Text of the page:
Eating out at local restaurants is looking and feeling much different now that businesses are adapting to a new normal because of COVID-19.
Jay Hula is the owner of That Bar and Table in Gainesville. He said the coronavirus has greatly affected the restaurant industry.
“It’s nearly impossible for us to create the same in-dining atmosphere and experience when you can only use a fraction of your restaurant,” Hula said.
He also recognizes some change might be permanent in the wake of the pandemic.
“We don’t see people sitting shoulder to shoulder around the bar driving the great cocktail revenue that we were used to, we don’t see people in the dining room wanting to come in and push tables together to have big parties and celebrations of 10, 12, 20,” Hula added.
That Bar and Table has increased outdoor seating, to-go and delivery capacity.
For Uppercrust Bakery, owner Ben Guzick said in the midst of uncertainty, restaurants are scrambling to develop new plans.
“It’s hard to even imagine going back to a world that’s normal, you know,” Guzick said.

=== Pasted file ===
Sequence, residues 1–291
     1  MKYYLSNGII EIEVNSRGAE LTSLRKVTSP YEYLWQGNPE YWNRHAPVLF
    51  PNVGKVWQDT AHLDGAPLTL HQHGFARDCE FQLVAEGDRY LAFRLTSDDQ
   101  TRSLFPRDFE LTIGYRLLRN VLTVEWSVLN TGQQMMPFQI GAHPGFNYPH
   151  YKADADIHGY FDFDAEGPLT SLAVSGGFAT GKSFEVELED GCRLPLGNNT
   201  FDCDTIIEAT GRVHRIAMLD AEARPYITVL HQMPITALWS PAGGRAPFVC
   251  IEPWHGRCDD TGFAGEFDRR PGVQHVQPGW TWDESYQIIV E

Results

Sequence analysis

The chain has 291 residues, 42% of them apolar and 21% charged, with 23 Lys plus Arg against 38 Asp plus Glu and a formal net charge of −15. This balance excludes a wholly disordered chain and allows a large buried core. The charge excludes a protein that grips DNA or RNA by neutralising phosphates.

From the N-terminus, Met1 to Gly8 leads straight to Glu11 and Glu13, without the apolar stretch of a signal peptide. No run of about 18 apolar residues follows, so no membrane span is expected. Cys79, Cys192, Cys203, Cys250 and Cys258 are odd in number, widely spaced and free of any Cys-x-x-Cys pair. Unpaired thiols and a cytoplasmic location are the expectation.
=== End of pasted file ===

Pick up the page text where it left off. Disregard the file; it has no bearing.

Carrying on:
Uppercrust Bakery has modified its business model to include social distancing and enhanced cleaning measures.
”Every 30 minutes we go on a sweep of the bakery and just, you know, sanitize all contact surfaces basically,” he said. “And it’s hard – now that we’ve created the infrastructure for that – it’s hard to imagine not doing that in the future just because it’s so good.”
They have also improved technology in the bakery to include online ordering and delivery.
“Technological improvement, which I think will have a long lasting effect,” Guzick said.
Hula agrees that technology is becoming a necessity to a business operation.
“It’s the ability to do ordering via our website or via our Facebook, that’s something that we had in the works prior to COVID but that we’ve really had to put a focus on to drive business since it could no longer come into the restaurant,” he said. “Other things we’ll be pursuing are the use of an application in the future.”
In the meantime, Hula wants to do his best to accommodate customers and adapt to the changing industry.
“Shoulder to shoulder seating at the bar may not be around, may not be back for a long time so we’ll continue to figure out how to spread people out, get as many people as we can in safely and keeping them comfortable until such point where it is deemed safe for us to go back to the old ways,” Hula said.
Hula’s message to the community is: Know that restaurants are fighting to stay alive but are continuing to do their part to serve the community and improve services. To customers: Come out and support.